A few people roamed about the graveyard, leaving flowers to their lost loved ones. Mina had once searched her family’s tombstones, but she didn’t find them. She believed her ancestors were residents of Montenegro. The majorities of families were. She had no recollections of being anywhere else, then again, she had no other family in Montenegro.
“I thought everybody was buried in Montenegro,” Mina asked. “Why can’t I find any of the Crane tombstones?”
“Maybe they are buried somewhere else,” Natalia said.
“That’s not possible,” Alena said. “Outsiders are rarely buried in the graveyard of Montenegro. It’s customary since I can remember, unless that has changed.”
“Like Rada?” Mina asked.
“Rada? Where did you hear that name?” Alena asked.
“That’s the name, father repeats when he gets really angry,” Mina said.
“I’ve never heard of Rada,” said Natalia. “Maybe it’s just something he says.”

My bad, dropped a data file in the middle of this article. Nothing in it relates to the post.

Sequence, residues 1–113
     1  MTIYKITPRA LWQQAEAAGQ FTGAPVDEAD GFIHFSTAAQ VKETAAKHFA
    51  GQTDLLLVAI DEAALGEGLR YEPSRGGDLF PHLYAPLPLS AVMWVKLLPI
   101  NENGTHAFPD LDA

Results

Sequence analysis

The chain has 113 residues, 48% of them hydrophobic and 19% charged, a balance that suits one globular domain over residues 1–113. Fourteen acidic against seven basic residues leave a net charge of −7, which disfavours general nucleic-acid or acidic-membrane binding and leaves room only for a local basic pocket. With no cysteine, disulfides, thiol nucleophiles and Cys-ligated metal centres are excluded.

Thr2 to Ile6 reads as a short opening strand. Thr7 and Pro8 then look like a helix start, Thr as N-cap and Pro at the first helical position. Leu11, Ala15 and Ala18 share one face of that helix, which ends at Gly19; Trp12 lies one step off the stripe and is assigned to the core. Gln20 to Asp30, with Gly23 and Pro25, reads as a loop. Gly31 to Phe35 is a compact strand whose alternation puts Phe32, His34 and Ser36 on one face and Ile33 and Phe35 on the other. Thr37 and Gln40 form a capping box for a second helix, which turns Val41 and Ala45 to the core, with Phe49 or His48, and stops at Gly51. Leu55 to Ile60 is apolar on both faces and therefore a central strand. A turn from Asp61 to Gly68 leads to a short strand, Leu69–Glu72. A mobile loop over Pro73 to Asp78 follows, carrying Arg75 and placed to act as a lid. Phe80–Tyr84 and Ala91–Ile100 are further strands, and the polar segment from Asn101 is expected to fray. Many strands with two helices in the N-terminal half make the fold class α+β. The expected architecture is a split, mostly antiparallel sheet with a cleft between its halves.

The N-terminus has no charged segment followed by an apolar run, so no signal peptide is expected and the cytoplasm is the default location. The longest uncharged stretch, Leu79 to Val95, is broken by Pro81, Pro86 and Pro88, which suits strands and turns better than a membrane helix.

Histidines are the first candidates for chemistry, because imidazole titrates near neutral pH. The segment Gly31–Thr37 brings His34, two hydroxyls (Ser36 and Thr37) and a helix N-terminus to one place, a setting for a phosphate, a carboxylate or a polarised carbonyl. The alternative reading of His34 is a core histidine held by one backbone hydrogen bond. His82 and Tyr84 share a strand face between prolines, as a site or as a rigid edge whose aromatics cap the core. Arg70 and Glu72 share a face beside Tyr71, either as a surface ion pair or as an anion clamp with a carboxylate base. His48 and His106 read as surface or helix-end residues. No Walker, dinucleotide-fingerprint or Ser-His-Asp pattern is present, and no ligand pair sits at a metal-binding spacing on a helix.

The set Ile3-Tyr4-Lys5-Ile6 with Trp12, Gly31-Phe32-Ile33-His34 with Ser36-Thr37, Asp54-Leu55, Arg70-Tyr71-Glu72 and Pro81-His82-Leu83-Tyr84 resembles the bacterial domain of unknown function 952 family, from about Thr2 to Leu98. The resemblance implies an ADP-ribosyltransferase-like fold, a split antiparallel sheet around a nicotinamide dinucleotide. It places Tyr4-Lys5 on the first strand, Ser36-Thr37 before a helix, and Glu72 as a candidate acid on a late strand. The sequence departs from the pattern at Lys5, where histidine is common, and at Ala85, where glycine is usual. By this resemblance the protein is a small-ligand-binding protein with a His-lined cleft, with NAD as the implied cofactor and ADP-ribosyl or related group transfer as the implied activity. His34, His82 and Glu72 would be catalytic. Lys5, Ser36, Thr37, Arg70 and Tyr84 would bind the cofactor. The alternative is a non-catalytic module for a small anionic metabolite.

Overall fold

Mina didn’t say otherwise.
“Where are you buried, Alena?” Mina asked her.
“I think beyond those trees,” Alena pointed.
“That’s the oldest part of the cemetery,” said Mina.
“It’s been that long time,” Alena lead Mina to her tombstone.
They came upon her tombstone. Alena Antipin, it read on the simple slab. Born 1784; died 1820. Mina never dared to ask Alena how she died. Alena would consider it rude and disrespectful, even though, she was just a ghost, she had her old traditions she never left behind. Mina knelt down and wiped off the dead leaves and dirt from it.